This essay Irony of The Setting in The Lottery has a total of 2232 words and 10 pages.
Irony of The Setting in The Lottery
The setting set forth by Shirley Jackson in the beginning of The Lottery creates a mood of peacefulness and tranquillity. This setting also creates an image in the mind of the reader, the image of a typical town on a normal summer day. Furthermore, Shirley Jackson uses the setting in The Lottery to foreshadow an ironic ending.
First, Shirley Jackson begins The Lottery by establishing the setting. To begin, she tells the reader what time of day and what time of year the story takes place. This is important to get the reader to focus on what a typical day it is in this small town. The time of day is set in the morning and the time of year is early summer. She also describes that school has just recently let out for summer break, letting the reader infer that the time of year is early summer. The setting of the town is described by the author as that of any normal rural community. Furthermore, she describes the grass as "richly green" and that "the flowers were blooming profusely" (196). These descriptions of the surroundings give the reader a serene felling about the town. Also, these descriptions make the reader feel comfortable about the surroundings as if there was nothing wrong in this quaint town.
Upon reading the first paragraph, Shirley Jackson describes the town in general. The town is first mentioned in the opening paragraph where she sets the location in the town square. She puts in perspective the location of the square "between the post office and the bank" (196). This visualizes for the reader what a small town this is, since everything seems to be centralized at or near the town square. This is also key in that the town square is the location for the remaining part of the story. The town square is an important location for the setting since the ending of the story will be set in this location.
Also, Shirley Jackson creates a comfortable atmosphere while describing the residents of the town. First, she describes the children gathering together and breaking into "boisterous play"(196). Also, the children are described as gathering rocks, which is an action of many normal children. She described the men as gathering together and talking about "planting and rain, tractors and taxes"(196). Finally, she describes the women of this community as "exchanging bits of gossip"(196) which is a common stereotype of women. She creates a mood for the reader of the town and residents of this town on a normal summer morning.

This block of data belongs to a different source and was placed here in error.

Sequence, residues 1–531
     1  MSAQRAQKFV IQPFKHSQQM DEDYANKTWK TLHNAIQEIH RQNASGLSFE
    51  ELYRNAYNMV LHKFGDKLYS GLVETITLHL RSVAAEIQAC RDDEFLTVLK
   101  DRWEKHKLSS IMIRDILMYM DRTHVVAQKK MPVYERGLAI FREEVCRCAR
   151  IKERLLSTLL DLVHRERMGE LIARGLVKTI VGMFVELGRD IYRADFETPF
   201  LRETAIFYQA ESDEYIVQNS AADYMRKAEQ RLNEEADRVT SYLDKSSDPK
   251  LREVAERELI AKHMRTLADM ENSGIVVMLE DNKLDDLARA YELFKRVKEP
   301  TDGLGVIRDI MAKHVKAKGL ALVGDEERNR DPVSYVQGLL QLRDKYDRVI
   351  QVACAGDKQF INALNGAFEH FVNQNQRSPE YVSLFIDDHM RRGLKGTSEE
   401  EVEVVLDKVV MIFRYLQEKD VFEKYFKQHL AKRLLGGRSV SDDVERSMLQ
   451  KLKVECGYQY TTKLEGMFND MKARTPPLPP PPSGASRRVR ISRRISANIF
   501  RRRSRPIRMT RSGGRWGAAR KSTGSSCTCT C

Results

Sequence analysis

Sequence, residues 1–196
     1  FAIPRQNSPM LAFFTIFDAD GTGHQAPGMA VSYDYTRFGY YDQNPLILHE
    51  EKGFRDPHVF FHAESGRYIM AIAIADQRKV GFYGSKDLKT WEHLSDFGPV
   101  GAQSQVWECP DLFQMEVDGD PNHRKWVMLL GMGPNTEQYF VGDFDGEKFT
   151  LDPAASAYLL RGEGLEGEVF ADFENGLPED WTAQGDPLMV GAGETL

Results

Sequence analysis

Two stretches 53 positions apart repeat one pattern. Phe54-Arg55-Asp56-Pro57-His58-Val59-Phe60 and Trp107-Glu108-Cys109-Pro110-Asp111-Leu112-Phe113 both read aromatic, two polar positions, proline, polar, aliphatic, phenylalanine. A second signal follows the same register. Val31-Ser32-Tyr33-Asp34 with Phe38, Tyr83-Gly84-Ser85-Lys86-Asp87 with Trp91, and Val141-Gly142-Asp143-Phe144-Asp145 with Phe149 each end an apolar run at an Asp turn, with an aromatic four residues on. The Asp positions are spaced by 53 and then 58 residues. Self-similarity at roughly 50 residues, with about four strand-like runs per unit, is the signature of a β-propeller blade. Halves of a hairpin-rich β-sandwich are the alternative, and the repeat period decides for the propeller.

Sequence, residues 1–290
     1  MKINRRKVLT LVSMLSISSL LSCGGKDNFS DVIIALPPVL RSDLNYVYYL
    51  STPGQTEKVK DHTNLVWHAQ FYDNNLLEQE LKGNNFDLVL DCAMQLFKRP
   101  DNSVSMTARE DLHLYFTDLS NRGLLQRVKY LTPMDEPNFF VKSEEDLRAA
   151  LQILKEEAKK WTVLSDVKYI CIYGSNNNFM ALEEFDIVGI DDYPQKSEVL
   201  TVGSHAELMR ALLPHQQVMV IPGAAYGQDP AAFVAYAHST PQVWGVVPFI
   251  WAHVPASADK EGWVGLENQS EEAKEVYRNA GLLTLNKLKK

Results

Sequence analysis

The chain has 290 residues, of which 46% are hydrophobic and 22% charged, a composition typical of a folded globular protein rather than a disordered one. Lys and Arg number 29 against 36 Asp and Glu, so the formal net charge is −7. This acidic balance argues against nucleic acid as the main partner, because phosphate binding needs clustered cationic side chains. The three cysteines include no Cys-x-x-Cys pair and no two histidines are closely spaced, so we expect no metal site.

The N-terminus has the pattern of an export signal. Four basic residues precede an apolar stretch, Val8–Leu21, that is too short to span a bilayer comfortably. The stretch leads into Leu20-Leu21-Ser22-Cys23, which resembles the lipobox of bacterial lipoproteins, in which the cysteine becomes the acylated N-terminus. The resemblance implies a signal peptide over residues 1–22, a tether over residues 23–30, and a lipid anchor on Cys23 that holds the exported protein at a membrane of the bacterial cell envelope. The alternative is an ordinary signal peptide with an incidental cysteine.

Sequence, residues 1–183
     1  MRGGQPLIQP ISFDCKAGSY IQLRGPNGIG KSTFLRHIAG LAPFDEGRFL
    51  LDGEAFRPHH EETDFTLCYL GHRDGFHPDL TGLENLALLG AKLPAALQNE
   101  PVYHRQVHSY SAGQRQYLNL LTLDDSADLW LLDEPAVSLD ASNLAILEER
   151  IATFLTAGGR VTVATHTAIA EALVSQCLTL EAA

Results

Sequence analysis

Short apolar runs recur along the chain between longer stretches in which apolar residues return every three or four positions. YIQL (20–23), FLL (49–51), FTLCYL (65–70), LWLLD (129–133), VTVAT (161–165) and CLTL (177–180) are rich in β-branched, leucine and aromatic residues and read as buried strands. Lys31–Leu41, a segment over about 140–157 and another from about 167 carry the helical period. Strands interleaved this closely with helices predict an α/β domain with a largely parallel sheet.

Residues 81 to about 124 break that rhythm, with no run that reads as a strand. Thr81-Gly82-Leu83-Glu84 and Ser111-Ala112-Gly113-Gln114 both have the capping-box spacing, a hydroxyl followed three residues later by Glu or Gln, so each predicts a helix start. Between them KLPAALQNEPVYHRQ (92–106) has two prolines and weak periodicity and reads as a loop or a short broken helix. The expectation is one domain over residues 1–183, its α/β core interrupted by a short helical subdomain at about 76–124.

Up to this point in the story Shirley Jackson has not pointed out anything out of the ordinary which would reflect an ironic ending. Upon further reading of the story, Shirley Jackson gives the reader hints about the unusualness of this town. First, she sets the time of day to be mid-morning. This is a clue to an ironic ending since most occurrences of criminal activity happen during the night. Second, she also points out key buildings that surround the town square. Furthermore, she fails to describe a church or a courthouse which are common buildings to all communities. Also, it is odd for this town to celebrate Halloween but not for Christmas or Easter. These are the largest holidays that "normal" people celebrate. In addition, she points out the fact that the children are building "a great pile of stones in one corner of the square"(196).These points should lead the reader to consider that this town is far from normal.
The introduction of the black box is a key turning point for the setting. The black box symbolizes an immoral act to the villagers. This is evident in the fact that "the villagers kept their distance"(196) from the black box. The introduction of the black box into the setting changes the mood and the atmosphere of the residents. After the introduction of the black box the villagers become uneasy around this symbol of evil. Furthermore, the black box is the key that changes the mood from serene and peaceful to ominous.
Further foreshadowing by Shirley Jackson leads the reader to consider the town as peculiar. For instance, the names of the residents foreshadow unfavorable events to occur. Furthermore, the lottery is conducted
Topics Related to Irony of The Setting in The Lottery
Dystopian literature, Films, Human sacrifice, The Lottery, Style, Mood, Shirley Jackson, Jackson, Mississippi
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